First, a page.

World Cup Diary : German lesson in how to watch football

One of the 'whacky' football caravans at the Goethe Institute

One of the 'whacky' football caravans at the Goethe Institute

The Germans have given quite a few teams in this World Cup something of a lesson in the art of playing the beautiful game, but I’ve always considered them not exactly famous for letting their hair down.
Well after a visit to the Goethe Institute in Johannesburg I learnt that not only do the Germans lead the way in football, beer, bratwurst and Alsatians but also how to watch football.

The Goethe institute is a fairly modern looking building on Jan Smuts Ave, which is home to a German exhibition not to mention restaurant and screening room. Outside in what would be a car park the staff have filled it with sand and caravans- as you do- to create a makeshift beach of sorts, complete with stage for performers and a barbecue. To be fair though the Germans have let themselves down by not transporting a few thousand gallons of seawater to give us an ocean-type view, but we can’t be too harsh on them.

The caravans each have a television and are decorated in various football-style ‘whacky’ ways. There’s also a stage outside on the ‘beach’ where live bands perform- it’s pretty amazing just how seriously the Germans take having fun.

I watched the Holland Brazil game, there with a friend in one of the caravans and had a cracking time, so we decided to return as soon as possible.

In the true spirit of being English a few of the lads I’m here with and I decided to watch the Spain Germany game..and get behind the Spanish.

Due to the fact it was yet another pesky German semi-final the place was packed with everyone but the four of us getting behind the Fatherland.
The caravans were all full, so we decided to watch the game in the auditorium which was also packed. Funnily enough the few empty seats actually had towels on them- I kid you not!
The big stage in front of the large screen was actually empty so we made our way to it, and plotted up. Soon afterwards everyone who’d been standing at the back came and joined us on stage and it was soon full-it took us Brits to show them how its done.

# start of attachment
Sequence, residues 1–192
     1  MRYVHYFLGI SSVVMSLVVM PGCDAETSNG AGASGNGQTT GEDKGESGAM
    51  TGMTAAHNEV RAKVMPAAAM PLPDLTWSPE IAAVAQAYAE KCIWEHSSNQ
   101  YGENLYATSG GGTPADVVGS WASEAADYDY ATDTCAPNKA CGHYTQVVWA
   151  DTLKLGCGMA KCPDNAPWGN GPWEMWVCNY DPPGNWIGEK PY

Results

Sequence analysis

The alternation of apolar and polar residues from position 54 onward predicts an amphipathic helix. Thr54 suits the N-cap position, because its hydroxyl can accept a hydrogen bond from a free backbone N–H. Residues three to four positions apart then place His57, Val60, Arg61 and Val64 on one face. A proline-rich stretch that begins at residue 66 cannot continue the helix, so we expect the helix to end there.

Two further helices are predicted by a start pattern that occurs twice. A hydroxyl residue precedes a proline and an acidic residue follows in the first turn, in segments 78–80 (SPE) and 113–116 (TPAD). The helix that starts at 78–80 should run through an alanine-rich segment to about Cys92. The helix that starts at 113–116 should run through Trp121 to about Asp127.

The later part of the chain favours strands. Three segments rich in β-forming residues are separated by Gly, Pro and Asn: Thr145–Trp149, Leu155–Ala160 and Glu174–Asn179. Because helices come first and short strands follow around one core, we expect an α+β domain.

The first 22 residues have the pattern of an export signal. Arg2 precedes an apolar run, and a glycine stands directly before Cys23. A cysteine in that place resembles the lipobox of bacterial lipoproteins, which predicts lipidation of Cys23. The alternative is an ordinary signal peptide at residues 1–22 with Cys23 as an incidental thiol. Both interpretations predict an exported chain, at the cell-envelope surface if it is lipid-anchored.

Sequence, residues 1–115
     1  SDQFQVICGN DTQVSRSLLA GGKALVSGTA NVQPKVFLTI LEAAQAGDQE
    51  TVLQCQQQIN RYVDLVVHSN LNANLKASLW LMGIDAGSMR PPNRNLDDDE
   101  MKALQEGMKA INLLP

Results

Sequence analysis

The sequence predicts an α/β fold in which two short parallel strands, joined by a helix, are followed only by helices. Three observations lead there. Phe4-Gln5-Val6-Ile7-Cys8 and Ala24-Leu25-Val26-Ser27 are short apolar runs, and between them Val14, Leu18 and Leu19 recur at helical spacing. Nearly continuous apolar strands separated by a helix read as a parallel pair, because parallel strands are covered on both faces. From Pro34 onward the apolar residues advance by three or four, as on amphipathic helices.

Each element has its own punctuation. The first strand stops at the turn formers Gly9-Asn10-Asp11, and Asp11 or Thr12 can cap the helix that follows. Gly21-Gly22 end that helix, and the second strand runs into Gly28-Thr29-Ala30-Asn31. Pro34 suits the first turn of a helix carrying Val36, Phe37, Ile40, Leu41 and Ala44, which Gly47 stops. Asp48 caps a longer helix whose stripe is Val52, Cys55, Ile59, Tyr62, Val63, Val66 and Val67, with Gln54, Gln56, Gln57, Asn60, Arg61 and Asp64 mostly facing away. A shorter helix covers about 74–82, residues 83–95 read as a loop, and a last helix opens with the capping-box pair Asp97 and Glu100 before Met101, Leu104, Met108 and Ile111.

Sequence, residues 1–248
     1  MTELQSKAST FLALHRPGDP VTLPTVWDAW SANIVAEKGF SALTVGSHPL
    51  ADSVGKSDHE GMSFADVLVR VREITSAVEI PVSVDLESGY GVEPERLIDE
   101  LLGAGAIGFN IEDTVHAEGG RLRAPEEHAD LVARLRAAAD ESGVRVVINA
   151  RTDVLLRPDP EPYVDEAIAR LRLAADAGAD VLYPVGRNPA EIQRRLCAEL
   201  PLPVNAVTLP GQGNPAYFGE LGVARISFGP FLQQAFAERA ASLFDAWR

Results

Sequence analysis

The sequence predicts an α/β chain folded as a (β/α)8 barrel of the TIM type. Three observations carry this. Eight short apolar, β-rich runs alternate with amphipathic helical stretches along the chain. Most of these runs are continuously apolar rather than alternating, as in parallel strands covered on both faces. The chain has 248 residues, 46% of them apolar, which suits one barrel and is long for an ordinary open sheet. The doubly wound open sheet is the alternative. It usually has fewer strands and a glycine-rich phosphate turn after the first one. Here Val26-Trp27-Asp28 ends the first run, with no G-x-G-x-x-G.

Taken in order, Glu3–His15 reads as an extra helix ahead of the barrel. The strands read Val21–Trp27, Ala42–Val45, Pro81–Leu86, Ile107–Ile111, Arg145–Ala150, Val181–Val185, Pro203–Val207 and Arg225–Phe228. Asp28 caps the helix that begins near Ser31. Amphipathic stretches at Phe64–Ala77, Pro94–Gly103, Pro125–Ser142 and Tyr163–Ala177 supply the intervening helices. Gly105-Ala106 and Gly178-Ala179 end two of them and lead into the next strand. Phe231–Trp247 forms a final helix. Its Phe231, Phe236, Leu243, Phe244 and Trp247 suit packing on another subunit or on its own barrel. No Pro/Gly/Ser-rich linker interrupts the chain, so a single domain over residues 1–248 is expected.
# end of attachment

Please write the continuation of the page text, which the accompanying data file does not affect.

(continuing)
The game itself wasn’t the best semi-final I’ve ever seen but I thought some of Spain’s passing particularly in the second half was exquisite. There was also the added bonus of a pitch invader- who it later transpired, managed to get past stewards by sitting in a wheelchair in the disabled section, then suddenly jumping up and running -catching everyone by surprise.

The crowd at the institute was strangely subdued- even before Spain’s winner- there wasn’t much chanting or singing and even the vuvuzela blowing was minimal.

When Spain scored we were naturally elated and couldn’t help but cheer- which was drowned out by German shouting- probably for the best.
Unlike most games I’ve watched on television here- which have been on the SuperSports channel- this one was being shown on the South African Broadcasting Corporation.
The commentator for this game was so shockingly bad he was almost good, producing such gems as :” He’s not the one of the best goalkeepers in the world by not being a good keeper.” Not to mention “One of those moments you would never ask a player to do.”
Despite the rubbish commentary, the evening was very enjoyable- mainly thanks to Spain’s victory – which earned me 200 rand after a bet with a friend.

After the final whistle we went outside to the makeshift beach to chat and debate whether Spain were gonna beat the Netherlands.
With a lot of -white-South Africans being descended from the Dutch I expect most of the country will be behind the men in Orange.
Before I arrived here- in a stopover at Kenyan Airport a few of us discussed who we thought would win and strangely all picked Holland as our favourites- I say strange cos the rest of our predictions during this world cup have been shocking- hence wasting money to watch an England side we were confident would beat Germany!

Whether that could tip the balance in Holland’s favour is anyone’s guess but I sincerely hope this finals remembered for the football rather than strange chest- headbutting!

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